The postcard style reappeared in Yoon’s six-piece photo series Long View (2017). This work is the artist’s year-long investigation of Pacific Rim National Park Reserve, the traditional territory of the Nuučaan̓uɫ peoples. It was commissioned as part of Landmarks 2017/Repères 2017, an art project across Canada’s national parks, marking the country’s sesquicentennial. Her series explores the region’s legacies of colonialism, militarism and tourism, on both sides of the Pacific. The photographs feature a black-clad figure digging a hole into a sandy shoreline, forming a large mound reminiscent of Korean ancestral burial mounds. The sequence of building a sand mound is encased by two images of active looking: one by the artist through binoculars and the other by the black-clad figure gazing at the horizon.
The Long View photo series is accompanied by a video work with the same title, featuring the artist's parents and children digging a hole to create a mound next to it on the beach. Working on the mound, they stop from time to time and look at the horizon, as if trying to reach out to the other side of the Pacific by scanning the scenery. Scenes of digging a hole and building a mound are followed by a sequence of the sand mound being eroded by snow and rain and eventually disintegrating.
The conceptual representations of these actions prompt viewers to engage emotionally with the artist’s intergenerational queries. Digging and forming the land – as performed by the artist, her family and a black-clad figure – might be her way of expressing a sense of belonging, claiming a temporary place on this land, while layering different sites and histories. Both the photographic series and video work poetically translate individual diasporic experiences in search of the embeddedness of self within a place.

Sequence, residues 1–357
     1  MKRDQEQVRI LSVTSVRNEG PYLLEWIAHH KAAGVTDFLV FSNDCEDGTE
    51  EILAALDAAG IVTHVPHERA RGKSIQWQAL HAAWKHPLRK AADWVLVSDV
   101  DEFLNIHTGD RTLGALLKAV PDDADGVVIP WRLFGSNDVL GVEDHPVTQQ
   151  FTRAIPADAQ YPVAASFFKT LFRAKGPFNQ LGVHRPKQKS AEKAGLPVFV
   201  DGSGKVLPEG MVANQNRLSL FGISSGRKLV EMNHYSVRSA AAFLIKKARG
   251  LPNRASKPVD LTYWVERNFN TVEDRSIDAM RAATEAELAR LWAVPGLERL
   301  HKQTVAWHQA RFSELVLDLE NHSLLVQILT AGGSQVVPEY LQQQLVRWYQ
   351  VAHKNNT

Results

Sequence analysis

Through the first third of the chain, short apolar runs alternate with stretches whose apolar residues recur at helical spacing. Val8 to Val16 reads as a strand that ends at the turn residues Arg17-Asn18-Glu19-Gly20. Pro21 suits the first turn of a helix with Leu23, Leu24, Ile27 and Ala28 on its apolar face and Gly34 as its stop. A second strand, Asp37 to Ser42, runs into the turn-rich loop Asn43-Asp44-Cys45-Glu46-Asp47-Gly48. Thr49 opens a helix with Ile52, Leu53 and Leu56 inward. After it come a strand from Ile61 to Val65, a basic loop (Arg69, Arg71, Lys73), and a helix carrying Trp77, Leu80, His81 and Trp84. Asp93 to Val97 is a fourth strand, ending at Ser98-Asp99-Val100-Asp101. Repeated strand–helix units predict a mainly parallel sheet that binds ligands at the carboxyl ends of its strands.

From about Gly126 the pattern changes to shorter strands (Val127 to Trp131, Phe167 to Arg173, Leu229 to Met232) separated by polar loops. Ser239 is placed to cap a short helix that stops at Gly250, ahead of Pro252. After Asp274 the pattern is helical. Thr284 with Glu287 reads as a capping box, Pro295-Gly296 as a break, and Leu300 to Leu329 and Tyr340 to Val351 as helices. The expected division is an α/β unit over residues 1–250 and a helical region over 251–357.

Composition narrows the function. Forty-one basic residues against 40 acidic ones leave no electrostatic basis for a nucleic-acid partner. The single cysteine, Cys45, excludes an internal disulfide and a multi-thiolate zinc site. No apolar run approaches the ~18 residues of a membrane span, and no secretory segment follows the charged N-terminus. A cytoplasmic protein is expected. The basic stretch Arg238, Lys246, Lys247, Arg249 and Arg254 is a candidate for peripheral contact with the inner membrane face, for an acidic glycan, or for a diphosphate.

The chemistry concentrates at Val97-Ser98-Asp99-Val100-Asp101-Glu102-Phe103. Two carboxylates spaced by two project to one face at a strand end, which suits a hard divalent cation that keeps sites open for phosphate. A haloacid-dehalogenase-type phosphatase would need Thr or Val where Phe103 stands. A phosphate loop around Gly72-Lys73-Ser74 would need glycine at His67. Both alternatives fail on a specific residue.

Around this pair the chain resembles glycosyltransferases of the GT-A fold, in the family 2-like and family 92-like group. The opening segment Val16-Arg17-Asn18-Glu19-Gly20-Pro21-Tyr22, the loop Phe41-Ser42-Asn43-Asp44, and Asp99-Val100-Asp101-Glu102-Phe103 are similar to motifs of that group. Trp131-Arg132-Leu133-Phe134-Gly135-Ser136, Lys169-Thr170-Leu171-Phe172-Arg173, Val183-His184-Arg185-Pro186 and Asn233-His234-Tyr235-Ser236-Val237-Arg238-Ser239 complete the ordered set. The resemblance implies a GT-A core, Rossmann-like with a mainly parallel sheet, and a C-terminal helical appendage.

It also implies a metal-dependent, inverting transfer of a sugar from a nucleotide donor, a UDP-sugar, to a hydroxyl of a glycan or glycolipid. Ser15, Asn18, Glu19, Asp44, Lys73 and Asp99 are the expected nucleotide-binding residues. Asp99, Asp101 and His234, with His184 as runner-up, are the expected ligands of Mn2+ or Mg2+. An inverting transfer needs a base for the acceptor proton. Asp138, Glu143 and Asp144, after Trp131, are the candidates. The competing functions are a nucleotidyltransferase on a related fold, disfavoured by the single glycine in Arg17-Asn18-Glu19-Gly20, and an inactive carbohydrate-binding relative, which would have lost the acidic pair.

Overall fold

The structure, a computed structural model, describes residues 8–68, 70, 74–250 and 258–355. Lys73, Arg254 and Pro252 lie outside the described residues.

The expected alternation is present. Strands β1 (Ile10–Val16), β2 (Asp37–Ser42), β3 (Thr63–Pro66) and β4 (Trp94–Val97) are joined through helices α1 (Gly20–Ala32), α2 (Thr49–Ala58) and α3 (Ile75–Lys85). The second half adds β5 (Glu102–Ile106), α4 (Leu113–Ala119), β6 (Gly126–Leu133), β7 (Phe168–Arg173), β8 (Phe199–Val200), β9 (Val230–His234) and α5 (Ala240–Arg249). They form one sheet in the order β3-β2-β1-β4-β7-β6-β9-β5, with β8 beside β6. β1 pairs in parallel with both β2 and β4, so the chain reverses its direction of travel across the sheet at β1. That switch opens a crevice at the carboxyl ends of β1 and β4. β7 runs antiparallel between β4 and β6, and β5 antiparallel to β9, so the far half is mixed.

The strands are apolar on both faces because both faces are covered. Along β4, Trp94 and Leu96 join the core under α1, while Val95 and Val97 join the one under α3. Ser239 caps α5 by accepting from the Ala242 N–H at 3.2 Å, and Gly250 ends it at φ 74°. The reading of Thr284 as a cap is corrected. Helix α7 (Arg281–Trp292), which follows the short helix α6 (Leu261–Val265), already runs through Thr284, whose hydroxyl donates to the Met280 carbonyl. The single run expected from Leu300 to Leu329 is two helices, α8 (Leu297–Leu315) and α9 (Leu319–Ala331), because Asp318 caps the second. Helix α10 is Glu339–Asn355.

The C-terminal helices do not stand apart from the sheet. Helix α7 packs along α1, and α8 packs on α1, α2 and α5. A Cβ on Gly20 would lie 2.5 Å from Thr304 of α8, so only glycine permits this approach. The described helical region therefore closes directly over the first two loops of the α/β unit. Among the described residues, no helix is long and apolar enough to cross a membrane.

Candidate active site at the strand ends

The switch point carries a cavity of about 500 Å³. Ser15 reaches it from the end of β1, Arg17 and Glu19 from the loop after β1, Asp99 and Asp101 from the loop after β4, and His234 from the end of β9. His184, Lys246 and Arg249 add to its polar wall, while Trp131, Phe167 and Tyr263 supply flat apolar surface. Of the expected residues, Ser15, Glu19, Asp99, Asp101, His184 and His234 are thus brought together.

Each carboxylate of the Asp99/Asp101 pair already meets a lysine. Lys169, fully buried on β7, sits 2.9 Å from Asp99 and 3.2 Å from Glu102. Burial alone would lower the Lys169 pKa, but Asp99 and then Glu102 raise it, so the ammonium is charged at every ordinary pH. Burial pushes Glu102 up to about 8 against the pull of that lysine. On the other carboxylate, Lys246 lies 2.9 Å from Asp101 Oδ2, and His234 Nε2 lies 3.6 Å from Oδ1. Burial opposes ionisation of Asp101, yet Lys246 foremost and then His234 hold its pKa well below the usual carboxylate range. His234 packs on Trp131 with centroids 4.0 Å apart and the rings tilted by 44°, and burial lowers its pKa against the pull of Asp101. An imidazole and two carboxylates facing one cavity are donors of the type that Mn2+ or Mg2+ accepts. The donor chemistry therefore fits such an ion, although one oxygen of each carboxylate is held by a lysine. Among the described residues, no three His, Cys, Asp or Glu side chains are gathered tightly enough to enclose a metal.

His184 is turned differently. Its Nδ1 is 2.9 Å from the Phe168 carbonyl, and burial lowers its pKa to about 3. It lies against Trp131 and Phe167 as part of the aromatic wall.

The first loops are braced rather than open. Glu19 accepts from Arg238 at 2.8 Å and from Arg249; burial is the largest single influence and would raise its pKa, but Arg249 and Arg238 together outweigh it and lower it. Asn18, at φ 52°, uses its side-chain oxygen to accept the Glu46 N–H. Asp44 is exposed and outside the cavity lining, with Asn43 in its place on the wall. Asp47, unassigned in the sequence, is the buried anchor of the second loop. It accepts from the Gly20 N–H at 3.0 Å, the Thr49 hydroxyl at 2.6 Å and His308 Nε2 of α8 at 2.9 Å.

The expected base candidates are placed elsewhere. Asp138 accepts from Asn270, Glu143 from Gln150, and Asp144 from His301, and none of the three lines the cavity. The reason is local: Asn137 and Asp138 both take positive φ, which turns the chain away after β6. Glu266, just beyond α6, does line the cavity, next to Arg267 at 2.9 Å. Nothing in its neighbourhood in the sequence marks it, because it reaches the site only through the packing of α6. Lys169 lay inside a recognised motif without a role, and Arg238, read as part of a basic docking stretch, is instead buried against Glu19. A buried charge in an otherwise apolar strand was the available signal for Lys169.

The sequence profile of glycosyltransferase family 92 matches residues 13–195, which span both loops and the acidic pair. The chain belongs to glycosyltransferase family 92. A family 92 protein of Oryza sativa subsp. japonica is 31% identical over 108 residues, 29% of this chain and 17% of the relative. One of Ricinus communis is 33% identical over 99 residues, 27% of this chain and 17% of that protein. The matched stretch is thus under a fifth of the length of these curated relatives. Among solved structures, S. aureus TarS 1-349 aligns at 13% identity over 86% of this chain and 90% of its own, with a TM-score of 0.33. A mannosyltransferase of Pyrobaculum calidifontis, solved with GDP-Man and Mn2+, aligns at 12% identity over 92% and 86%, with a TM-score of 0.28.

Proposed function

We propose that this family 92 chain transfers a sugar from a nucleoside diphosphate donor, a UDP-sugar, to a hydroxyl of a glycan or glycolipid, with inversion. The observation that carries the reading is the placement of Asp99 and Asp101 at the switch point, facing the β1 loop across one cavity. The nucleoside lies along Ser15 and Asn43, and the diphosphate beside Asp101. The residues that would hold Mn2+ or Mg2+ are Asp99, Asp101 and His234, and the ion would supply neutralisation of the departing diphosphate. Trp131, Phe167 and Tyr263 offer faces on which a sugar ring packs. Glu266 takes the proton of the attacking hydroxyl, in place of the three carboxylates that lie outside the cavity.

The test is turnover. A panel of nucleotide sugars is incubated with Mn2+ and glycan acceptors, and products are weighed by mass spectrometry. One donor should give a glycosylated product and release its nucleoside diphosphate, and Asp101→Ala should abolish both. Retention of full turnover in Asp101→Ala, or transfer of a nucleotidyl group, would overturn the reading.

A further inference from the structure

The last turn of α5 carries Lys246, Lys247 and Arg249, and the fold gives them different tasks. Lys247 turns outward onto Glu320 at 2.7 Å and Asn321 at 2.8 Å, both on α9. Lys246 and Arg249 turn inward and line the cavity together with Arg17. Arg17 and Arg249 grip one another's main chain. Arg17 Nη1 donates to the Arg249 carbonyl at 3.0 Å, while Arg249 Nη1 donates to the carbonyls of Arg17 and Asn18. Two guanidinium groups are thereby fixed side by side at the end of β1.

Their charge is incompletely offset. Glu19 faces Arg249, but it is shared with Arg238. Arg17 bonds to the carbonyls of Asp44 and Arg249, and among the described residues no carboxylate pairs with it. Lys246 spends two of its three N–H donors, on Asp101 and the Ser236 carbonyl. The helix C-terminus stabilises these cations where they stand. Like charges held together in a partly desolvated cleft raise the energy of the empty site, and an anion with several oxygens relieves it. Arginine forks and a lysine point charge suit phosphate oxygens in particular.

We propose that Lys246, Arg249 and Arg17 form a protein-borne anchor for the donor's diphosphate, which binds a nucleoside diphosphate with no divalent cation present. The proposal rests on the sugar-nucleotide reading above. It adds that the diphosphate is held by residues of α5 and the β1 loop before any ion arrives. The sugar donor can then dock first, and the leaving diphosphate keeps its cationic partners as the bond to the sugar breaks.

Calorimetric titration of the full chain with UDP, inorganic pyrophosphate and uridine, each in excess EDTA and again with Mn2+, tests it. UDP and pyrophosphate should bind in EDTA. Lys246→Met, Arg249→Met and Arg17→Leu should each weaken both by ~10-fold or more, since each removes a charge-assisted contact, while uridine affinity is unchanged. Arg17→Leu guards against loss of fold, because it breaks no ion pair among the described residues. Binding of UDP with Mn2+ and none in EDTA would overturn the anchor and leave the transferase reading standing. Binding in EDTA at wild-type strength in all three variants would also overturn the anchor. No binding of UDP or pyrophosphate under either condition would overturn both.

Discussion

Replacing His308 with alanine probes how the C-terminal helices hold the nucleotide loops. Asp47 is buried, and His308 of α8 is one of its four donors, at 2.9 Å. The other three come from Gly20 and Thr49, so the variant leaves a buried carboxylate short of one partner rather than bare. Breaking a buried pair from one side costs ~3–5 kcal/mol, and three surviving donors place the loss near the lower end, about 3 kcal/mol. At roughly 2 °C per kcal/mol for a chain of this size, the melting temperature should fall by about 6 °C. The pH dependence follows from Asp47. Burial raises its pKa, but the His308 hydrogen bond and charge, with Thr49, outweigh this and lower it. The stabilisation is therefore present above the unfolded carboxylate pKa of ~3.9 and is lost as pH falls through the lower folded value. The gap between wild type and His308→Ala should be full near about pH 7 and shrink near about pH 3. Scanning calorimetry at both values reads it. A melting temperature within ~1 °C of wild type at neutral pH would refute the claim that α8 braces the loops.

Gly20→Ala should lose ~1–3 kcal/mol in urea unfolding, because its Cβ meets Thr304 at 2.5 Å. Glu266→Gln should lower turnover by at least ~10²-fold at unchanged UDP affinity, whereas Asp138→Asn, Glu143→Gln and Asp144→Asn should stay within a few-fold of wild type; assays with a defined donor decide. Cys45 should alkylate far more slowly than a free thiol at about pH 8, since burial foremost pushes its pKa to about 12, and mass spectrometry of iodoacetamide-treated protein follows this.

The notion of self-emplacement implies being anchored to a place. In her 2019 photographic series Living Time, Yoon’s understanding of “being emplaced” addresses the relationships between human and non-human worlds. Composed of six diptychs taken in a densely wooded area, this work depicts Yoon’s friends, relatives and residents from the artistic community of Hornby Island. Their horizontally or vertically positioned bodies evoke human dependency, rootedness and belonging to a world much larger than mere existence. Yoon’s visual strategy for this work speaks to the interconnectedness of individuals and their surroundings, and how they shape each other. Her artistic inquiry, in this sense, is a philosophical quest. Throughout her artistic practice, her focus has expanded from the representation and identity of Canadian nationhood to human relations with communities and the environment over time.
Created in 2020, Carrying Fragments (Untunnelling Vision) is a multimedia installation, incorporating film, sculpture, photography and performance. In this work, Yoon’s take on human experiences within communities adopts a notion of “vertical time.” As art historian Ming Tiampo explains in Jin-Me Yoon: Life & Work, Yoon's visualization of this concept entails “an image is joined with others from the past or future, and moves through cycles that return and repeat, creating additional layers of meaning and existence.” In this monumental installation, the local histories of the Tsuut’ina Nation, entrenched in colonialism, militarism and tourism, are interwoven with a different future, reimagined by local Indigenous community artists and artists of diverse heritage. This work is the culmination of a three-year collaboration and workshops examining their experiences of settler colonialism in the region.
Yoon is currently working on her new projects Listening Place and Long Time So Long, alongside her most recent work Mul Maeum (2022), channeling her focus on creating a space for Indigenous-immigrant relations that could foster renewed ways of healing and care for one another.
Her works engage with time in an inclusive, generative and compassionate way, through which individual experiences of a place enfold the passage of time. These embodied experiences are nested in time, engendering infinite possibilities of interconnectedness that redefine who we are in this world.
Share this article and subscribe to our newsletters to stay up-to-date on the latest articles, Gallery exhibitions, news and events, and to learn more about art in Canada.